Rickets

Rickets is a softening of bones in children due to deficiency or impaired metabolism of vitamin D, phosphorus or calcium, leading to fractures and deformity. Rickets is among the most frequent childhood diseases in many developing countries

The primary cause of rickets is a vitamin D deficiency. Vitamin D is required for proper calcium absorption from the gut. Sunlight, especially ultraviolet light, lets human skin cells convert Vitamin D from an inactive to active state. In the absence of vitamin D, dietary calcium is not properly absorbed, resulting in hypocalcaemia, leading to skeletal and dental deformities and neuromuscular symptoms.

Children ages 6 months to 24 months are at highest risk, because their bones are rapidly growing.Mother’s milk gives adequate calcium and vitamin-D so nutritional rickets develops once breast feeding is stopped. Renal or vitamin-D resistant rickets develops in children of 5-8 years of age.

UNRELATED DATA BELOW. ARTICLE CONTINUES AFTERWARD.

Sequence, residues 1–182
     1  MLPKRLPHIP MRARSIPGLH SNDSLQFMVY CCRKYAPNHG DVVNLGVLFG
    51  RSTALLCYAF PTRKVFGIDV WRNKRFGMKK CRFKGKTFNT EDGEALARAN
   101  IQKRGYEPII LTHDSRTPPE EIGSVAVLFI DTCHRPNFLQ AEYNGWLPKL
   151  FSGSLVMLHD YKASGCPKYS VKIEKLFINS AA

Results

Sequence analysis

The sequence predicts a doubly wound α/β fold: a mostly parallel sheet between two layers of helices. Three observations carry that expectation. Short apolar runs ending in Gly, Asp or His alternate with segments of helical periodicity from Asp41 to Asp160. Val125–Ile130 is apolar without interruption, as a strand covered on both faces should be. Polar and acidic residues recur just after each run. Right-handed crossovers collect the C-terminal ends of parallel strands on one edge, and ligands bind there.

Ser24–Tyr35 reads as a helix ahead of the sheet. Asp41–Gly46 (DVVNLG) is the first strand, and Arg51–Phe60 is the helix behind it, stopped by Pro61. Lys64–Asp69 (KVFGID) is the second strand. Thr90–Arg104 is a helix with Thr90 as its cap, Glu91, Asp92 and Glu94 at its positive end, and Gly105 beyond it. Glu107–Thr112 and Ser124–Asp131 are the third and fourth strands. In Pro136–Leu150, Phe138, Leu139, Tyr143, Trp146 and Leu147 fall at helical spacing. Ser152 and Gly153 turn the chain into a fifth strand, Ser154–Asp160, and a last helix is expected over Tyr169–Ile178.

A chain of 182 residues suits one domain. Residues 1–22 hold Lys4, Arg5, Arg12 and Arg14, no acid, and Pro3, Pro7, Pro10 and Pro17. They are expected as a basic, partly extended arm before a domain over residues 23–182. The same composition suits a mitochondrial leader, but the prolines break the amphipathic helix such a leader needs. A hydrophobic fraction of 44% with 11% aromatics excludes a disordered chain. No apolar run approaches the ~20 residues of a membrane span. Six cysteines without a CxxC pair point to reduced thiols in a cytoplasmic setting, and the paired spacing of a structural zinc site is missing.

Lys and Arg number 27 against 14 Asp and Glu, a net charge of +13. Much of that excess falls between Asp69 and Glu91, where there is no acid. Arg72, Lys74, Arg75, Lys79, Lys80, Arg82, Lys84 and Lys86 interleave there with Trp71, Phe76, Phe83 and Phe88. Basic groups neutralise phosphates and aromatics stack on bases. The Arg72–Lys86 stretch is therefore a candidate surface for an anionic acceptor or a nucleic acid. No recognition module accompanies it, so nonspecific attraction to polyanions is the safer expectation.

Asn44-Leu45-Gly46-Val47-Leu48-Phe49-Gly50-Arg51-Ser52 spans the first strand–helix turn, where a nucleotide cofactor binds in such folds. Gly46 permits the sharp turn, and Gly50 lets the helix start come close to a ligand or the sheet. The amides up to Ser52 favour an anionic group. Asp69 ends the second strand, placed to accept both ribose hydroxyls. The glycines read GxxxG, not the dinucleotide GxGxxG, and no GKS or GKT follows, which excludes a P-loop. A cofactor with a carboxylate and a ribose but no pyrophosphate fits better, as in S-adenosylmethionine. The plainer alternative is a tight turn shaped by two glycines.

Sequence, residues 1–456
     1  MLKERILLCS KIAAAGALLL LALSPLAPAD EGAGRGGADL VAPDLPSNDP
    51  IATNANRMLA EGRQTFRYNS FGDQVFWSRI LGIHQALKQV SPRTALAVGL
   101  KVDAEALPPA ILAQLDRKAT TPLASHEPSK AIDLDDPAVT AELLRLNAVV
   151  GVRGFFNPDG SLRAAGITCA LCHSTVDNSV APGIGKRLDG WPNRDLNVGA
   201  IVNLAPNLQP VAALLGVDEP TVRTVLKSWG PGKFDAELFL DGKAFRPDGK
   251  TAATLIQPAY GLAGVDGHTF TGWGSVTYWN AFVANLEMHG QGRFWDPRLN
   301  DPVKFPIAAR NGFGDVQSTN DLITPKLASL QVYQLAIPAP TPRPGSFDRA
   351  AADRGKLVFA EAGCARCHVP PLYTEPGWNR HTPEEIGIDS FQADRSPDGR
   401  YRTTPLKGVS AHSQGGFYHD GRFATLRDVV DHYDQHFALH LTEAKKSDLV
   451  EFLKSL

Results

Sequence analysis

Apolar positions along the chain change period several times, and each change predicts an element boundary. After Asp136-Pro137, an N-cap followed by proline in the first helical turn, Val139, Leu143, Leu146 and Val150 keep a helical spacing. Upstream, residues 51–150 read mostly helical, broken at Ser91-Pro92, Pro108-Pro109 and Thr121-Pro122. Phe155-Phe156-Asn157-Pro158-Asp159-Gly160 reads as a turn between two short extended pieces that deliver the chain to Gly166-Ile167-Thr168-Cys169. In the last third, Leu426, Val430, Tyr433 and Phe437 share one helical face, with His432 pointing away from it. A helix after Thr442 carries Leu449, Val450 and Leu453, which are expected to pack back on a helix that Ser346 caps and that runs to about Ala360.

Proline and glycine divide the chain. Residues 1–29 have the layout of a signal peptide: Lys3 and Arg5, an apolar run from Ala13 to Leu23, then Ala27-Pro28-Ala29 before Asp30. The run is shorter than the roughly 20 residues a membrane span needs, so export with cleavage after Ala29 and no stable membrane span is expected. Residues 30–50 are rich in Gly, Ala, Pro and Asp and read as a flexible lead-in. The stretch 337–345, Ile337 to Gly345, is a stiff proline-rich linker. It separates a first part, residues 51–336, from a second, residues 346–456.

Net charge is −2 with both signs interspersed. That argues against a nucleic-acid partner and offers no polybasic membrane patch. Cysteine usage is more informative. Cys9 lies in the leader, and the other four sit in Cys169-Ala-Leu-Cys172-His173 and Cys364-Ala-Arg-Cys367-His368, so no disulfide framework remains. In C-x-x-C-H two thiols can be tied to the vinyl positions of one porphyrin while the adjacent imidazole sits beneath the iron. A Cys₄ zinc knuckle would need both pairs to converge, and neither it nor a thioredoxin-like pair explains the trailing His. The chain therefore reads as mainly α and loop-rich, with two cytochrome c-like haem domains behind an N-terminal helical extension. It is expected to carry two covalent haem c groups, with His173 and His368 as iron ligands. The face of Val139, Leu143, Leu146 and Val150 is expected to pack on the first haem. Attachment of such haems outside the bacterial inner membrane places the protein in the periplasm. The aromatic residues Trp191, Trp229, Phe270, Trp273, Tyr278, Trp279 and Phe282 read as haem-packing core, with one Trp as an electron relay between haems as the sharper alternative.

Prevention And Counselling

A sufficient amount of ultraviolet B light in sunlight each day and adequate supplies of calcium and phosphorus in the diet can prevent rickets. Recommendations are for 400 international units (IU) of vitamin D a day for infants and children.

Children affected with this disorder progressively develop lower limb deformities once they begin to walk and bear weight. The deformities progressively worsen in an otherwise well- nourished and healthy child. The rate of linear growth is at first normal and then slowed, ultimately resulting in short stature.

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